Miller does some government-approved sleuthing, overhears the plot to move the students, gets framed for a murder, and begins running from the police. In the first part of this year, the real Izzard ran 32 marathons in 31 days to raise money for charity. This willingness to run 26.2 miles at the drop of a hat infects the screenplay so that nearly every action sequence entails Izzard running across a beach, down the pier, into a field. (I counted six running scenes, though there may be more.) All this time, Marc Streitenfeld’s agitated score tries to gin up excitement and tension, but putting nervous strings under Nazis waggling their eyebrows at one another steers the mood toward cheeseball. The star casting also throws the balance out of whack. Dench’s finely calibrated portrait of a woman swayed into Nazi sympathizing by the love of her charges is quite beautiful — she has a way of shadowing her face when standing in full light — but its emotional coherence casts all the other cardboard characters into stark relief.
Six Minutes to Midnight was shot as a feature and released on streaming only because of the COVID situation. But there is a distinctly televisual vibe to the entire thing, and the “pre-credits” position of Wheatley’s death is part of it, one of the telltale markers of a one-hour crime drama. On U.K. TV, there’s a trend of comedians heading up costume mysteries: Rowan Atkinson as Maigret, Mark Williams as Father Brown; Izzard as Miller could fit comfortably into that tradition. Perhaps the trouble with Six Minutes to Midnight is that its writing — hurried and vague when it comes to character, laconic and slack when the thriller elements are in play — would have righted itself if keyed to a series instead of a film. Izzard, Jones, and Goddard could then have paid more attention to giving their characters personalities. Apart from Miss Rocholl, people do very little reasoning or thinking, and their motivations grow less clear during the film, rather than more. Miller is a cipher, the young women are ciphers, Ilse is a cipher.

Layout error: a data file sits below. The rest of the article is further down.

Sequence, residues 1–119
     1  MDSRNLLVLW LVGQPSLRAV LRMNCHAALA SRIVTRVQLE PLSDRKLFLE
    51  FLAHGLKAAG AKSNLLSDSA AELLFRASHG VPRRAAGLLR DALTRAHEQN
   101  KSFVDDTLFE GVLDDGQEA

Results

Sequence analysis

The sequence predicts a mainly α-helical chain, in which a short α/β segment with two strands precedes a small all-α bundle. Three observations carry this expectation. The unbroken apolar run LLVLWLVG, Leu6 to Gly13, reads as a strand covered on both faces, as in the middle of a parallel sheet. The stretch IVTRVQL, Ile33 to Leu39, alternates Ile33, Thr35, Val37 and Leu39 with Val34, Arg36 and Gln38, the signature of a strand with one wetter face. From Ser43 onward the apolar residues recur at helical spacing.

It’s easy to see the attraction of devising fiction about the fascinating Augusta Victoria College. According to other accounts, the young women were at the Bexhill finishing school to find matches among the British upper crust — if, for instance, the real von Ribbentrop’s daughter had snagged a husband in the House of Lords, she might have been able to delay Britain’s entry into the war. The film doesn’t actually broach any of this, in that we barely learn why the girls are in England, and we only glancingly encounter the right-wing British who are willing to toast fascism in the name of international class solidarity. Instead, Six Minutes to Midnight spends most of its 90 minutes staging oddly unexciting spy-movie scenarios, like Miller taking microfilm of the roster of a not actually secret Anglo-German friendship society. The movie is a sequence of missed opportunities for thoughtful exploration, relevance, and adventure. Someone else may take up the scenario and make something exciting from it, but for now, the word you’re looking for is … nein.